In the second place, we are very wrong in our judgment if we interpret the form of salvation superficially. For example, it is stated in chapter 25, "The All-Sidedness of the Bodhisattva Regarder of the Cries of the World," that anyone who keeps in mind the Bodhisattva Regarder of the Cries of the World will be delivered from various sufferings. If we interpret this statement literally, it seems to mean that we do not have to work hard at practicing the Buddha's teachings; but with such an attitude, none of the teachings of the Lotus Sutra will bear fruit. Anyone can easily understand that in the last six chapters the Buddha cannot have been so illogical and contradictory as to deny fundamentally all of the teachings preached up through chapter 22. It is surprising to find that for centuries many people have put a shallow interpretation on something that should be so easily understood and have turned to an easy, lazy faith that they thought would allow them to become free of suffering merely by keeping in mind the Bodhisattva Regarder of the Cries of the World.
When we read chapter 25 carefully and in depth, we understand that the supernatural powers of this bodhisattva are essentially identical with the power of the Law preached by the Tathagata Shakyamuni. We also realize that we must depend spiritually upon the Law to the last, but that in cultivating and practicing it we should take the model of the Bodhisattva Regarder of the Cries of the World as our immediate goal. It is most regrettable that misunderstanding and simplistic interpretations of Buddhist sutras have sunk deeply into the minds of the general public over a period of many centuries, vitiating the true spirit of Buddhism. It is earnestly hoped that readers of this book will not make the same mistake. Let us proceed to the content of chapter 23.
When all rejoiced greatly at having heard the Buddha's preaching in chapter 22, "The Final Commission," the Bodhisattva Star Constellation King Flower addressed the Buddha, saying: "World-honored One! Why does the Medicine King Bodhisattva wander in the saha world? World-honored One! What hundreds of thousands of myriads of kotis of nayutas of distresses the Bodhisattva Medicine King has to suffer! Excellent will it be, World-honored One, if you will be pleased to explain a little, so that the gods, dragon spirits, yakshas, gandharvas, asuras, garudas, kimnaras, mahoragas, human and nonhuman beings, and the bodhisattvas who have come from other lands, as well as these shravakas, hearing it will all rejoice." (The phrase "wander in the saha world" means that the Bodhisattva Medicine King appears freely anywhere in the saha world to enlighten and save all the living beings there.)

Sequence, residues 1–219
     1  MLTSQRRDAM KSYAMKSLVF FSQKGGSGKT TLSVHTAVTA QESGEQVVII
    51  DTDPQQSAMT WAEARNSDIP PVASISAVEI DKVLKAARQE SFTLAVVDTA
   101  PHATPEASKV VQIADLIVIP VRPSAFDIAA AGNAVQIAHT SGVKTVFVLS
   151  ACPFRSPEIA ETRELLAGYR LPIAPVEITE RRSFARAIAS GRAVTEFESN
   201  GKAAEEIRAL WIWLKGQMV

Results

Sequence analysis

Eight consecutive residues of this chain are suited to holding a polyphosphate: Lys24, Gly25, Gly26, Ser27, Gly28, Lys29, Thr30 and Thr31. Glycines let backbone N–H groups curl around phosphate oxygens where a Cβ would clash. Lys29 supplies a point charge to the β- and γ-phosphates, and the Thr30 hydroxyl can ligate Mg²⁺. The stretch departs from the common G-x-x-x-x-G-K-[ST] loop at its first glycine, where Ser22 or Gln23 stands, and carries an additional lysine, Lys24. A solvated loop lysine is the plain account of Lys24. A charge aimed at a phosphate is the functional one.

Thereupon the Buddha addressed the Bodhisattva Star Constellation King Flower: "Of yore, in the past, kalpas ago incalculable as the sands of the Ganges River, there was a buddha entitled Sun Moon Brilliance Tathagata, Worshipful, All Wise, Perfectly Enlightened in Conduct, Well Departed, Understander of the World, Peerless Leader, Controller, Teacher of Gods and Men, Buddha, World-honored One. That buddha had eighty kotis of great bodhisattva-mahasattvas and a great assembly of shravakas numerous as the sands of seventy-two Ganges rivers. The lifetime of that buddha was forty-two thousand kalpas, and the lifetime of his bodhisattvas was the same. His domain had no women, no hells, no hungry spirits, no animals, no asuras, and no disasters; its land was level as one's palm and made of lapis lazuli; it was adorned with jewel trees, covered with jewel curtains, hung with flags of jewel flowers, and jeweled vases and censers were seen everywhere in the country. Terraces were there of the precious seven, with trees for each terrace, the trees distant from it a full arrow's flight. Under all these jewel trees bodhisattvas and shravakas were seated. Above each of these platforms were a hundred kotis of gods performing celestial music and singing praises to the buddha in homage to him."
As already explained in the discussion of chapter 12, "Devadatta," the reason that women are mentioned here together with hells, hungry spirits, animals, and asuras comes from the idea generally accepted in ancient India that women were the incarnation of sin and an obstacle to men's practicing religious disciplines. Therefore, we should not take literally the mention of women in such a context. We must not forget that the Buddha's teachings broke down this generally accepted idea of the India of his day.